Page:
‘When you’re young you prefer the vulgar months, the fullness of the seasons. As you grow older you learn to like the in-between times, the months that can’t make up their minds. Perhaps it’s a way of admitting that things can’t ever bear the same certainty again.”
Julian Barnes, Flauberts Parrot. 

Banner Image: Pink Peony grown in a Midlothian, Virginia USA backyard. Attribution:Mitzi.humphrey

When you have been digging up turf and scraping back the soil and emptying the buckets on the soil heap and your knees and back are aching there is nothing better than turning up a small fragment or shard of pottery!

Pottery identification is an extremely valuable aid to dating archeological sites and their possible use.     It is usually the most common find and is more stable than metals and organic materials.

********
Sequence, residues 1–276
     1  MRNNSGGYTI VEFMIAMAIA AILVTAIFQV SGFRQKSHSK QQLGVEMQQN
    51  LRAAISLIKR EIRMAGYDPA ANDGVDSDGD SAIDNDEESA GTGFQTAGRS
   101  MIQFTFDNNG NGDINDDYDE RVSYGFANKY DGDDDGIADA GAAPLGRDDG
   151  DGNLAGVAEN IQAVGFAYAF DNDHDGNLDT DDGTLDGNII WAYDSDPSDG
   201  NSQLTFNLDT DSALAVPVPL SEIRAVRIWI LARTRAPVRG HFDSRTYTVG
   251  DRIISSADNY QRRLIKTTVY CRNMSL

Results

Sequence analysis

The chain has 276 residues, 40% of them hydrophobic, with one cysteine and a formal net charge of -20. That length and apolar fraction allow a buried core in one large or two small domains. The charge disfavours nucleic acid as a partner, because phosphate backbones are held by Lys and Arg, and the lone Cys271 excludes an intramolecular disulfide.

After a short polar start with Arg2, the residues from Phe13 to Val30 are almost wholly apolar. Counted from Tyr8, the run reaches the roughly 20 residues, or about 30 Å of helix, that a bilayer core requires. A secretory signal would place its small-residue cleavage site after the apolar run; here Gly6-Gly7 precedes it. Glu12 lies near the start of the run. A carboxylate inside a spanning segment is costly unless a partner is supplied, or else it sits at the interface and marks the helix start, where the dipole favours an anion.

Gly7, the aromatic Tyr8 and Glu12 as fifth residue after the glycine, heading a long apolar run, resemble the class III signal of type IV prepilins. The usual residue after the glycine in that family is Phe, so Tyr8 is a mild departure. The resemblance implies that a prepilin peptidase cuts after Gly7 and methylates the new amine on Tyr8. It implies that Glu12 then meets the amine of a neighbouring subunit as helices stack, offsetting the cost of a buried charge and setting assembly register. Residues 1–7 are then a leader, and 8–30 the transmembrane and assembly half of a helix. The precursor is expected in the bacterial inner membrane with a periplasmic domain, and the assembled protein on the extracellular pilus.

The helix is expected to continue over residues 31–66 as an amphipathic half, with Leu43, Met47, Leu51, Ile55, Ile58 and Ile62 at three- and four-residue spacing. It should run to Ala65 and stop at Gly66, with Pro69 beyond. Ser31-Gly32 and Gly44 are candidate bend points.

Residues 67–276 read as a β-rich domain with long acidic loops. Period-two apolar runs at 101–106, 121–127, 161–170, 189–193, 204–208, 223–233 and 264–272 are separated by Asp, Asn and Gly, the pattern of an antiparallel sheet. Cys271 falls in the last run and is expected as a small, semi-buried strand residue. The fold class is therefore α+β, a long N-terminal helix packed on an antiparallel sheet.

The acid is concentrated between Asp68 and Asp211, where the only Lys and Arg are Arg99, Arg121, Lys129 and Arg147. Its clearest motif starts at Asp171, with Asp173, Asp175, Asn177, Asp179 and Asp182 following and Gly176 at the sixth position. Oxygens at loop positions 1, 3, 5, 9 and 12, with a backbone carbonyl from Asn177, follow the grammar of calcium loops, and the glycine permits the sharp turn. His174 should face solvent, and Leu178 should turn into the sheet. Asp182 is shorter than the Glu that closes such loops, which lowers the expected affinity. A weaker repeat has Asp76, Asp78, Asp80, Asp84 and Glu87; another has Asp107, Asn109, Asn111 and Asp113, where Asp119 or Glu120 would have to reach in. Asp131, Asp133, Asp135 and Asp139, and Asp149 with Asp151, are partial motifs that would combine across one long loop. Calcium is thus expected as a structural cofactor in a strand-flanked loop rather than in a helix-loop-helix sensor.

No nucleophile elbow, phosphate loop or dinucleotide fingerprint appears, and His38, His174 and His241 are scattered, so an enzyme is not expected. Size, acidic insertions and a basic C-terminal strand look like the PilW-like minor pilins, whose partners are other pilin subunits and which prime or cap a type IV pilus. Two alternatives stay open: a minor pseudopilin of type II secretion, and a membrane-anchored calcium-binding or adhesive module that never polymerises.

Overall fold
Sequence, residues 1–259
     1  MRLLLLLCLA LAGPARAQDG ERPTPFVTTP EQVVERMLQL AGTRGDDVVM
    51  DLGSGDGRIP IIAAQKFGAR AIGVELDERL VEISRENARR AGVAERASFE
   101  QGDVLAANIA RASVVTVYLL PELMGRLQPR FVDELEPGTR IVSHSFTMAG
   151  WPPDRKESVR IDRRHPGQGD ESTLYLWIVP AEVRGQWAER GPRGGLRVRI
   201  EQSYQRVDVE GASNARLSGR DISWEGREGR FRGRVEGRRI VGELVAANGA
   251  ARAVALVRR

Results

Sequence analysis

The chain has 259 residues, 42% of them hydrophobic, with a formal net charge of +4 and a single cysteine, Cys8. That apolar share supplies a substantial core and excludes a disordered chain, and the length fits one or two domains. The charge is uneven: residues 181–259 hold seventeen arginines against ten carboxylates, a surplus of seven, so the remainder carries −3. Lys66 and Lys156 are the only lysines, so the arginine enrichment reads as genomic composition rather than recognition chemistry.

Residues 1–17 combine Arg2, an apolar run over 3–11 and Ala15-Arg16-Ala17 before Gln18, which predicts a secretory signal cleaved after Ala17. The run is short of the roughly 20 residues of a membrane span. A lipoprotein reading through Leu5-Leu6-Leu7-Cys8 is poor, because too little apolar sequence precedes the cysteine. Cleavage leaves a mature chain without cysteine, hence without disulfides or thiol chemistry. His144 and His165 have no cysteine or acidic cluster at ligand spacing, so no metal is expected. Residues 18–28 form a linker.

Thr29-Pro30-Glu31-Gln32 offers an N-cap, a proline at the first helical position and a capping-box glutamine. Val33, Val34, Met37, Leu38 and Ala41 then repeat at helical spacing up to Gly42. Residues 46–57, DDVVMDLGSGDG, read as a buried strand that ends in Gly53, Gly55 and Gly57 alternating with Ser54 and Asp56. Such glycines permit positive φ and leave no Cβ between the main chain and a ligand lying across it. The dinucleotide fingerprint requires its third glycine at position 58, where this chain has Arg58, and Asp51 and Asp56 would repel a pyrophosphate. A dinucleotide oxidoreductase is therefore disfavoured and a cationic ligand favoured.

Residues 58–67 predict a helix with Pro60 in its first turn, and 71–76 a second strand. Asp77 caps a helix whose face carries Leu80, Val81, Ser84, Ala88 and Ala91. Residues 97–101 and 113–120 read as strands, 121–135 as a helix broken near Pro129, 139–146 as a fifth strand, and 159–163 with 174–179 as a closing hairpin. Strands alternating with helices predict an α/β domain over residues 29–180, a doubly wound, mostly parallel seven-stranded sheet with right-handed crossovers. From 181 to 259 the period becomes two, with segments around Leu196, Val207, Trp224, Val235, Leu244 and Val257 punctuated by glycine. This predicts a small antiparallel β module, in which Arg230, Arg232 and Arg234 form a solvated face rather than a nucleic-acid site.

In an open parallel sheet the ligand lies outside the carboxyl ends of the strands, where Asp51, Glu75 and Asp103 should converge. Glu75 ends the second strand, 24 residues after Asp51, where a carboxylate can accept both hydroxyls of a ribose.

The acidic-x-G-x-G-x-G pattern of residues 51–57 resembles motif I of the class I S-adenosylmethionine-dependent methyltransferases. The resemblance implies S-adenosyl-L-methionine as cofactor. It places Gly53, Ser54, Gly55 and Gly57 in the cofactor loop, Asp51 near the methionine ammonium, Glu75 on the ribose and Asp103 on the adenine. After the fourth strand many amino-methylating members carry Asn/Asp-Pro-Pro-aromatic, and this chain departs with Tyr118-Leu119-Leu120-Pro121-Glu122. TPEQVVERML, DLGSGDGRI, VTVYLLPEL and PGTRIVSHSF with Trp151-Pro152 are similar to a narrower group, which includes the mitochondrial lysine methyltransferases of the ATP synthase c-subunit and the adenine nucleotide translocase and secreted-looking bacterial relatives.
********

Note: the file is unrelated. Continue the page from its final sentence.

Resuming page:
Find Of The Day – rim sherd of a late Medieval/early Post Medieval vessel

The facts that can be discovered by examining a piece of pottery are fascinating. If you find an intact piece, what can be deduced from inside the pot ie its useage is equally as riveting as how and where the pot was made. Traces left in a container at Must Farm revealed what the food was that had been cooked in the pot, the seeds which then revealed probable agricultural practices and the type of animal fat that the food was cooked in. Bronze Age pots commonly contain human ash or bones.

Burial Urn. Whitelow. Attribution: Sam Walsh

Pottery informs us of cultural practices, rituals, food eaten and animal use amongst other things. The style and decoration of the pottery also holds many clues as to its age and where it was made.    The nature of the fabric of the pot is also useful, most are made from clay some contain inclusions which may consist of flint, human or animal bone.   Patterns of wear and tear and also decorative patterns on the base or rim can be significant in identifying the piece.   Putting the pieces together can be a slow painstaking process.

Collating Various Group Finds. Nov. 2016. Attribution: Alex Whitlock